What: The Highlights Foundation aims to improve the quality of children's literature by helping authors and illustrators polish their prose and pictures. This particular workshop is a hands-on program for those with significant or subtle Jewish content in their stories.
When: May 15-18, 2016.
Where: Honesdale, Pennsylvania (in the Poconos).
Why: Not only are there group critiques, but you'll also receive one-on-one manuscript critiques from an agent or editor with time to revise.
How (much): $1,080 (including transportation from the airport, lodging, and meals).

Who: The Writer's Hotel
What: A workshop and conference in one, TWH provides craft workshops led by experts in your specific field (fiction, nonfiction, or poetry) and holds a conference in New York. Participants must fill out an application to receive a spot. 
When: June 1-7, 2016. The deadline to apply is April 15, 2016, but they appear to fill up the spots on a rolling basis.
Where: While some of the feedback takes place remotely, 4 craft workshops and the conference take place in New York City. 
Why: You'll receive personalized attention from writers and poets, workshops are capped at 13 people each, and the conference includes readings and tours in NYC.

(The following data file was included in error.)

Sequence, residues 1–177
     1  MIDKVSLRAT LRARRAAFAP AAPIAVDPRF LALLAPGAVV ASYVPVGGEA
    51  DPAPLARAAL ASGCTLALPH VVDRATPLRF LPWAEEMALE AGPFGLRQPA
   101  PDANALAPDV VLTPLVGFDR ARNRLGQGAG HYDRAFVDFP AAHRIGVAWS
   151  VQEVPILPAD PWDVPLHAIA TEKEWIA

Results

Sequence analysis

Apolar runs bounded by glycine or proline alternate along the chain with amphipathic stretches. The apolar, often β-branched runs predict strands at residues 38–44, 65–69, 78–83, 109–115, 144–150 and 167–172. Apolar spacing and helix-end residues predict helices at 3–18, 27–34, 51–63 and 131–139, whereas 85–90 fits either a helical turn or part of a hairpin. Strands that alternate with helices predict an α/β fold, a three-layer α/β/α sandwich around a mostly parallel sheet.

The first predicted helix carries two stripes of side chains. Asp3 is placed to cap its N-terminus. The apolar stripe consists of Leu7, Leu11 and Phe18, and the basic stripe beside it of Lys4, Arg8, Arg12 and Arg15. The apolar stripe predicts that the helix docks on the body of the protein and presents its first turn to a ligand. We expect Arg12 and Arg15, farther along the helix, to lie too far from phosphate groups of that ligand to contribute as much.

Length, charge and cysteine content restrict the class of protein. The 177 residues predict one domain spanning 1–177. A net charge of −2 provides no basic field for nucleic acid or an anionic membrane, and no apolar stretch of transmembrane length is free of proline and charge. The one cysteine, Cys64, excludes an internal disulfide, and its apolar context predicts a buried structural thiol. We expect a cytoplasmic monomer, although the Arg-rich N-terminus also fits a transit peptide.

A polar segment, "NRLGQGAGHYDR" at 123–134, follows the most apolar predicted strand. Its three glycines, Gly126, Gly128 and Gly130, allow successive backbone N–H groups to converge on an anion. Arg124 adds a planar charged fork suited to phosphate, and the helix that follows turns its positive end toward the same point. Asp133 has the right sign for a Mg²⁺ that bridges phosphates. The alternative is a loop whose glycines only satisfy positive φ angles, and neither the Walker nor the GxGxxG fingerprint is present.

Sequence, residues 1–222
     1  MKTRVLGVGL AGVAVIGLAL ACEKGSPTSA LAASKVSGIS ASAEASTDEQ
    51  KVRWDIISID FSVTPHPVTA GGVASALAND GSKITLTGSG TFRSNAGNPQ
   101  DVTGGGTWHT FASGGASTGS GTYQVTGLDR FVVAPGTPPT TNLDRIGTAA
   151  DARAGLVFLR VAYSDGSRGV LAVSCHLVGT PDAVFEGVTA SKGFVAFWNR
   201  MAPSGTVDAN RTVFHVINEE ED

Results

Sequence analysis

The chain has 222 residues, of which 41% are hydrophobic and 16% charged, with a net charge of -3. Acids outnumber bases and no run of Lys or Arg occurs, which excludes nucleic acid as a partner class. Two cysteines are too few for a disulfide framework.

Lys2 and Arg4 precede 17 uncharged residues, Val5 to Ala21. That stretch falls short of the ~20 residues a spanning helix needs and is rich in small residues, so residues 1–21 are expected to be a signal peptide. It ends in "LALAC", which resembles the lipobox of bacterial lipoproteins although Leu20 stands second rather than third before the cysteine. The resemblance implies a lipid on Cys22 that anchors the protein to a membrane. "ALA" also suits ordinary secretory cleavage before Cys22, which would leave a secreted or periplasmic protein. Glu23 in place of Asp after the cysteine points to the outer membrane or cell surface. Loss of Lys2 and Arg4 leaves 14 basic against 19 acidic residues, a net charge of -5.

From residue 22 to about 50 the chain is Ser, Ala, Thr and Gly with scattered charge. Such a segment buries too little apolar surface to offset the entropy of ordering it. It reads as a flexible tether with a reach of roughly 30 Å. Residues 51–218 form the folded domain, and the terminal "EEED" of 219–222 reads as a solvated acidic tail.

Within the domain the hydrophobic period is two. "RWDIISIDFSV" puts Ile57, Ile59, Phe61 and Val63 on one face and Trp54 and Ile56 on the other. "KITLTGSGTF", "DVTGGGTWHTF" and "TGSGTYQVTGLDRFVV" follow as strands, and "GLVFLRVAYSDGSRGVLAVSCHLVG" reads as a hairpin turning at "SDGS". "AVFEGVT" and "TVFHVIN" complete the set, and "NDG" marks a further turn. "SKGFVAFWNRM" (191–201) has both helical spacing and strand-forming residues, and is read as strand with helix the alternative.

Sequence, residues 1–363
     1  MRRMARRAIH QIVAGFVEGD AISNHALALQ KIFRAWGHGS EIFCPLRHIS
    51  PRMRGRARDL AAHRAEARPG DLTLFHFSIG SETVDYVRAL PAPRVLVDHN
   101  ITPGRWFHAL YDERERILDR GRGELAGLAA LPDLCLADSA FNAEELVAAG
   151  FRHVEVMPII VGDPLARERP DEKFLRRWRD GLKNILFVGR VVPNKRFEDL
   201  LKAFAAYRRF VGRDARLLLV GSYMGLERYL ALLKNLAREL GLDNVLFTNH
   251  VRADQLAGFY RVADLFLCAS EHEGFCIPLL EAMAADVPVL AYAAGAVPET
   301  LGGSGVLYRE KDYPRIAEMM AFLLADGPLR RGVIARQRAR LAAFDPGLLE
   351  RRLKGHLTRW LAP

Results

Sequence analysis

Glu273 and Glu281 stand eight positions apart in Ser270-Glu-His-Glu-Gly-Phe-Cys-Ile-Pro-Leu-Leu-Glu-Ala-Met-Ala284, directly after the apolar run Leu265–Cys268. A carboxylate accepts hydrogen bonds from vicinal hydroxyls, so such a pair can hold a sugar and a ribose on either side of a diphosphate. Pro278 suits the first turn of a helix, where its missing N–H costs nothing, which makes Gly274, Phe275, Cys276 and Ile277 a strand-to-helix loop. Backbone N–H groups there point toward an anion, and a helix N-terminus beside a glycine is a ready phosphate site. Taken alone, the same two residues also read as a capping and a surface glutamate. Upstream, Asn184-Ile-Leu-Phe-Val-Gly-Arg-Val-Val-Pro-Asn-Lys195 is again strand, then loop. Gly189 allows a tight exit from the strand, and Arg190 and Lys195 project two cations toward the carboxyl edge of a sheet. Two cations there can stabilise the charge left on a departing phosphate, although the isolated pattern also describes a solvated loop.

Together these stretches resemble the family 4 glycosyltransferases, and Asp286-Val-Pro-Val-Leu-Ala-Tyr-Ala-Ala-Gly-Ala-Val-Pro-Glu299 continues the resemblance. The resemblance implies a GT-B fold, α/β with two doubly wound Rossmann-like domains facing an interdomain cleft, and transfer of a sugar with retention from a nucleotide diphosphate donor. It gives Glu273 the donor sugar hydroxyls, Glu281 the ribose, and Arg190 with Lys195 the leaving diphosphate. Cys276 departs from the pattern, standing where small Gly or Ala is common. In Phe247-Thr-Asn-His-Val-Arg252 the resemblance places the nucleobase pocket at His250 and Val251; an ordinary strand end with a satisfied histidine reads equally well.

How (much): $2,500 (not including travel, lodging, and so on).

Who: Chautauqua Writers' Festival
What: Based on last year's schedule (the current one has yet to be released), this will be a four-day weekend filled with workshops, participant and faculty readings, and panels.
When: June 2-5, 2016. 
Where: Chautauqua, New York State.
Why: Faculty include published authors, short fiction writers, and memoirists. 
How (much): $475. There are options to purchase accommodation and meals at additional cost. 

WhoSkidmore College Summer Writers Institute
What: For two or four weeks, students and non-students alike come together for workshops, readings, and discussions led by incredible faculty members such as Mary Gaitskill, Ricky Moody, Phillip Lopate, and many more.
When: July 4-29, 2016.
Where: Skidmore College, Saratoga Springs, New York.
Why: You'll feel like you're back in college, but without the hassle of homework and hangovers (though, who knows, I wouldn't mind having a drink with Gaitskill). 
How (much): $3,040 for all four weeks (not including room and board). If you're currently an enrolled student, you may receive course credit.

Who: Southampton Children's Literature Conference
What: I recently spoke on a panel for the Southampton Children's Lit Fellows, a year-long course of instruction for serious writers. This conference is organized by the same people, but is open to those not enrolled in the graduate-level program. It's a five-day affair where you study and discuss your work and the craft of writing for children with award-winning authors. Acceptance to the program depends upon the writing sample you submit (the categories are picture book, middle grade, and YA).
When: July 13-17, 2016. The deadline to apply is April 1.
Where: Southampton, New York (on Long Island). 
Why: With daily workshops and limited enrollment, you will get personalized attention to work on your writing.
How (much): Fees have yet to be announced, but last year the cost was $1,300 (not including housing).